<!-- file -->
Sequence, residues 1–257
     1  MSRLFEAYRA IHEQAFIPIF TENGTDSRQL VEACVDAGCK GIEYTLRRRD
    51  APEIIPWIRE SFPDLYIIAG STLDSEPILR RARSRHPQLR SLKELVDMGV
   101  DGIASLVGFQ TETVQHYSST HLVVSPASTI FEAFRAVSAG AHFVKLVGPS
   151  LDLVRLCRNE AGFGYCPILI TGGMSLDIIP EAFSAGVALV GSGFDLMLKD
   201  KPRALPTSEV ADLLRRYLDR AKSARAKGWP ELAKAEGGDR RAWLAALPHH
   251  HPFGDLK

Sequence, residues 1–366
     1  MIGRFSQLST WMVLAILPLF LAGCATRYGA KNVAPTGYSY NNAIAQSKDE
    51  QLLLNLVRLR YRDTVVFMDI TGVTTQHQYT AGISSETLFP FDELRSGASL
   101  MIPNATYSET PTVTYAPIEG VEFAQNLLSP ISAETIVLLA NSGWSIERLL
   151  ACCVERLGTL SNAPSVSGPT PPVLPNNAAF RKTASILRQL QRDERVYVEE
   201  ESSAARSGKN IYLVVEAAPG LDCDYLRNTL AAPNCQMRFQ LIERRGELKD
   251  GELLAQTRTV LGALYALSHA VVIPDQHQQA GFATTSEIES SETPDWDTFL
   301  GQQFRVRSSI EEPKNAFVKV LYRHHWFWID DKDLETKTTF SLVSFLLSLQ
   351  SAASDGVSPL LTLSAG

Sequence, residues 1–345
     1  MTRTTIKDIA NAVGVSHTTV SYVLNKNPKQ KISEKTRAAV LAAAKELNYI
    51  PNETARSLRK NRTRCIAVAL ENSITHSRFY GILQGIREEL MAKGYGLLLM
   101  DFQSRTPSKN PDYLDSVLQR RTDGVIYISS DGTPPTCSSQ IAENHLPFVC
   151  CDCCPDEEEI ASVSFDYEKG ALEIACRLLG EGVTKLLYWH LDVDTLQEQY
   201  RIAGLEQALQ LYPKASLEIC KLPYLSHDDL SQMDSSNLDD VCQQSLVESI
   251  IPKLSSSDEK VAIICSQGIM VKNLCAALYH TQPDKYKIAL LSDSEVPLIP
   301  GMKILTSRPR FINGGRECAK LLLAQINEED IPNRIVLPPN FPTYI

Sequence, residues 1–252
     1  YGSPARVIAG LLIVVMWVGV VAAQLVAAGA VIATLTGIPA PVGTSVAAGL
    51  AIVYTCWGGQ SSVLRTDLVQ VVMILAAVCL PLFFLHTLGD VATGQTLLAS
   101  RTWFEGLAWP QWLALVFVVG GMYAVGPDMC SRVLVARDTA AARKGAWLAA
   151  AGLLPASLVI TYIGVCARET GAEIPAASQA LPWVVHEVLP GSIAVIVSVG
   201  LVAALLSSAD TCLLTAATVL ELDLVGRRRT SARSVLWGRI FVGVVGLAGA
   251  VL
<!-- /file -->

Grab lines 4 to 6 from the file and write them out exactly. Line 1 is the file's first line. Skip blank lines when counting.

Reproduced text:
   101  DGIASLVGFQ TETVQHYSST HLVVSPASTI FEAFRAVSAG AHFVKLVGPS
   151  LDLVRLCRNE AGFGYCPILI TGGMSLDIIP EAFSAGVALV GSGFDLMLKD
   201  KPRALPTSEV ADLLRRYLDR AKSARAKGWP ELAKAEGGDR RAWLAALPHH